Barry FitzGerald: This ASX-listed lithium player has the trifecta of ‘critical’ minerals
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There has been plenty of confusion around just when Donald Trump was diagnosed with COVID-19.
But last Thursday evening (October 1) now seems to be accepted as when the world’s most powerful man got the news he didn’t want.
Why does Garimpeiro care?
It is only to note that the day before, the President declared a “national emergency” around America’s “undue reliance on critical minerals” from foreign adversaries (read China).
Best wishes that he has a speedy recovery, and that he gets to return to the Oval Office well ahead of the US election on November 4.
Having said that, America’s concerns around the supply of minerals critical to its economy and military is bipartisan.
Little wonder. As Trump’s executive order noted, the 35 critical minerals in question are the “necessary inputs for the products our military, national infrastructure, and economy depend on the most”.
“Our country needs critical minerals to make airplanes, computers, cell phones, electricity generation and transmission systems, and advanced electronics,” the pre-COVID President said.
“Though these minerals are indispensable to our country, we presently lack the capacity to produce them in quantities we need.”
For 31 of the 35 critical minerals, the US imports more than half of its annual consumption, and it has no domestic production for 14.
That situation is a well-known thematic in the Australian market, and in Canberra, with Australia having already signed up to be part of the solution by supporting/encouraging a supply response. The European Union has its own raw materials alliance.
While much of the government response and investor interest in the critical minerals issue has focused on the heavy rare earths used in motor magnets, the critical list by its very nature, is much more extensive.
All that leads to today’s interest in ASX-listed lithium stock Lepidico (ASX:LPD) and its proposed trans-national lithium project which stands to benefit from the revenue boost to come from the co-production of caesium and rubidium.
The lithium story — it is on the US critical list — is well known and while other lithium projects can and do come with co-products, the critical minerals of high-priced caesium/rubidium, along with sulphate of potash (SOP), make Lepidico’s project unique.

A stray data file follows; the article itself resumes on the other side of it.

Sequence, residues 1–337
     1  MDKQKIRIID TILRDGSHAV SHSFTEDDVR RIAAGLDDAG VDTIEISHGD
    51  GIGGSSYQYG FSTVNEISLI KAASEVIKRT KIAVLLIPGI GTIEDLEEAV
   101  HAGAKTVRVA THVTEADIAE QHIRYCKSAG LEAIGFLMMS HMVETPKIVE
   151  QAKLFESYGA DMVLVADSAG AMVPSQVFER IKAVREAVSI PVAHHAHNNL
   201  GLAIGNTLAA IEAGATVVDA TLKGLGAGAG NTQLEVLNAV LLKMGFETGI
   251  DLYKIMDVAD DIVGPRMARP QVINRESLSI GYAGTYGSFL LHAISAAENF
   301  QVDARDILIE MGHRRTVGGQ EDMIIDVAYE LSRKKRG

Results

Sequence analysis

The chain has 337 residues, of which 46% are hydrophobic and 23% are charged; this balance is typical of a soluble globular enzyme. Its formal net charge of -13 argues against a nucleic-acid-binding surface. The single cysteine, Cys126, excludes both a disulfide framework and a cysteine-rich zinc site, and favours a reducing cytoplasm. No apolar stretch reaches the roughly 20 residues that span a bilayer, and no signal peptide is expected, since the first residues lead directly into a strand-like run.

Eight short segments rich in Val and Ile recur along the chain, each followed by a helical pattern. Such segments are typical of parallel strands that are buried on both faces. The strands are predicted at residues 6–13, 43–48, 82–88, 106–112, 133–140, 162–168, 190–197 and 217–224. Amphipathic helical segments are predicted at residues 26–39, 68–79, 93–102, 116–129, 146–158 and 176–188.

The taskforce assembled to steer America’s critical minerals supply response has been made aware of the project, one which involves the production of a lithium-bearing lepidolite concentrate in Namibia supplying a chemical conversion plant in the UAE that uses Lepidico’s patented processing technologies.
A definitive feasibility study into a stage-one development costing $US139m ($194m) envisages annual production of 4,900 tonnes of lithium hydroxide at an all-in sustaining cost of $US3,221/t after co-product credits.
Looked at another way, caesium and rubidium — along with SOP — will represent 38 per cent of total revenue, underpinning the project’s low cost of lithium production compared with competitor projects.
A recent presentation by the company said caesium and rubidium can substitute for each other in many applications. The US is 100 per cent reliant on imports of both minerals.
Main uses are in chemical catalysts, electricity generation (photoemissive properties that convert electromagnetic radiation to electrical current), electronics manufacture including night vision equipment and solar cells, and in medical applications.
Caesium is also used as a completion fluid in oil wells with a high recycling rate. The company has non-disclosure agreements with three prospective customers for the proposed caesium and rubidium output.
First up though Lepidico has to overcome the challenge of financing the first-stage development, which the DFS found could generate a 31 per cent internal rate of return, based on an initial 14-year production life.
That is reflected in Lepidico’s last sale price of 0.8c for a market cap of about $41m.
But with governments in the US and Europe, let alone non-China Asia, looking to foster the establishment of independent supply chains, Lepidico could benefit.
Its triple-mix of critical minerals certainly helps.